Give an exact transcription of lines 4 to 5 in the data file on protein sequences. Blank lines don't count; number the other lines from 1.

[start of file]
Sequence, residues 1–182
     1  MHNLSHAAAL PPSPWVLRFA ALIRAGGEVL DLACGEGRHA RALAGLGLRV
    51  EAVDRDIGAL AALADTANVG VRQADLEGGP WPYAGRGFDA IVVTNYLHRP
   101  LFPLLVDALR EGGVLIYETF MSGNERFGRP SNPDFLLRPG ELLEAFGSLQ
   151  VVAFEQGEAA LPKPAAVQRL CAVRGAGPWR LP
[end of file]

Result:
   101  LFPLLVDALR EGGVLIYETF MSGNERFGRP SNPDFLLRPG ELLEAFGSLQ
   151  VVAFEQGEAA LPKPAAVQRL CAVRGAGPWR LP